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Numbers of pubs in Havering fall by 20%

PUBLISHED: 15:21 19 April 2017 | UPDATED: 12:47 20 April 2017

Residents in Harold Hill protesting against the Pompadours pub closing. Picture: Archant.

Residents in Harold Hill protesting against the Pompadours pub closing. Picture: Archant.

Archant

The number of pubs across the borough has fallen by 20 per cent since 2001, according to statistics released today.

London Mayor Sadiq Khan. Picture: Ken Mears.London Mayor Sadiq Khan. Picture: Ken Mears.

Calling locals the capital’s “cultural gems” London mayor Sadiq Khan has pledged to make it harder for pubs to shut.

Across London 1,220 pubs have been lost in the last 15 years and in Havering have fallen 20 per cent – from 85 to 65.

“The great British pub is at the heart the capital’s culture,” he said.

“From traditional working men’s clubs to cutting-edge micro-breweries, London’s locals are as diverse and eclectic as the people who frequent them.

“That’s why I’m shocked at the rate of closure highlighted by these statistics, and why we have partnered with the Campaign for Real Ale (Camra) to ensure we can track the number of pubs open in the capital and redouble our efforts to stem the rate of closures.”

Alan Barker, secretary of Camra’s South West Essex Branch, named micropub Upminster TapRoom, Sunnyside Gardens, Upminster, as pub of the year last month.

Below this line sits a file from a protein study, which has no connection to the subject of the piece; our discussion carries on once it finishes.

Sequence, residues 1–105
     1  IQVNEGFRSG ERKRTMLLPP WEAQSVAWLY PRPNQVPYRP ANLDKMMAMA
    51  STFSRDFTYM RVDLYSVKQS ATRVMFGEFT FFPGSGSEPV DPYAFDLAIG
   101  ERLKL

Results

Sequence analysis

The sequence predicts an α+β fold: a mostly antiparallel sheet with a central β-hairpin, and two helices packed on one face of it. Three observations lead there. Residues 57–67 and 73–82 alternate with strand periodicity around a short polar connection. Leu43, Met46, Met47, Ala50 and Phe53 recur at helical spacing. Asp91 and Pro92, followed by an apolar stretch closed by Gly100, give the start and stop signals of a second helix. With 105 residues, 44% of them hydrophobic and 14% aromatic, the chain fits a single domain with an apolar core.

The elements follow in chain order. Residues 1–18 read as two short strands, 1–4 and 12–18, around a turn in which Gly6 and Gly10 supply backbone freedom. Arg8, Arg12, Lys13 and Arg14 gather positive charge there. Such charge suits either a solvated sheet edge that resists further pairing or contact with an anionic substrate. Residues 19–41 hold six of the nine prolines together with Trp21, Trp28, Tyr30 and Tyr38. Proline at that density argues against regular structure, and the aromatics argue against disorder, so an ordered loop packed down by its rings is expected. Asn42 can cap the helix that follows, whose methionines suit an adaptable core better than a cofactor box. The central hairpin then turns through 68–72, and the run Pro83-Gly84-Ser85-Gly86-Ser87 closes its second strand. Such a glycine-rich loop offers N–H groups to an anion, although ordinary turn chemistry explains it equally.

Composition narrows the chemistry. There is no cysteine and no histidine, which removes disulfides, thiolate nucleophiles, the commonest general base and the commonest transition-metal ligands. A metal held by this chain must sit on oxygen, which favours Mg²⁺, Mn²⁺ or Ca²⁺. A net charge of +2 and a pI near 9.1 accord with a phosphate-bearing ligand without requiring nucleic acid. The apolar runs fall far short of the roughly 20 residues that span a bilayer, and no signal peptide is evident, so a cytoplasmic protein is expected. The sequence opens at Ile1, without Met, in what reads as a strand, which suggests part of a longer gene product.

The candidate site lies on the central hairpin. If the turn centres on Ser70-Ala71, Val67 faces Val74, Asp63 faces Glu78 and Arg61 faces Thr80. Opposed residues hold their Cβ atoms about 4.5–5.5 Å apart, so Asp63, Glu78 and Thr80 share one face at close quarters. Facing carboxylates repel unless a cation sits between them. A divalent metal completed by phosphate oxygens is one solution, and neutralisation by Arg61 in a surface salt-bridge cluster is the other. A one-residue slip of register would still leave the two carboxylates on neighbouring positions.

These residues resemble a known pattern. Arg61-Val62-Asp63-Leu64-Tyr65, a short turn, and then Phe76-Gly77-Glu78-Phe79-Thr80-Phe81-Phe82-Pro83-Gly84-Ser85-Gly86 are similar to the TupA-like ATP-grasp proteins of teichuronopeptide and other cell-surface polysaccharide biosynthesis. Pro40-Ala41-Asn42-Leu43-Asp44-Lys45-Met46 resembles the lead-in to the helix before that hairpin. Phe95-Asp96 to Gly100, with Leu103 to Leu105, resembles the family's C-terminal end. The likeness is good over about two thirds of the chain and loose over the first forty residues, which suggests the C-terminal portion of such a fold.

Bob Knowles and Caroline Sheldon (central) celebrate the Upminster TapRoom's inclusion in CAMRA's Good Beer Guide 2017.Bob Knowles and Caroline Sheldon (central) celebrate the Upminster TapRoom's inclusion in CAMRA's Good Beer Guide 2017.

He named housing development as one of the primary causes of pubs closing.

“Property values are quite high and pubs have car parks where you can build eight houses instead of running just one pub,” he said.

“Mason’s Arms, St Mary’s Lane, Upminster, is now houses with gardens.”

Last year, people rallied round The Pompadours, Edenhall Road, Harold Hill, to try to stop it form closure but were unsuccessful.

“Pubs are places for people to meet together in a way that they probably would not be able to,” continued Alan.

“Upminster TapRoom is a good example. It’s a new generation of micropub but is less likely to be targeted for housing.

“Because it’s quite small you can’t really build very much on it.”

The pub audit forms the first strand of the mayor’s Cultural Infrastructure Plan for 2030 which looks at what London needs to sustain its future as a cultural capital.

London’s night czar, Amy Lamé, has also launched a public consultation.

“As an American who came to live in London over 20 years ago, I immediately fell in love with London’s pub culture,” she said.

“Running a pub of my own, I understand just how important they are to the life and spirit of a community.”

The consultation is open until May 31. To take part visit london.gov.uk/closingtime.


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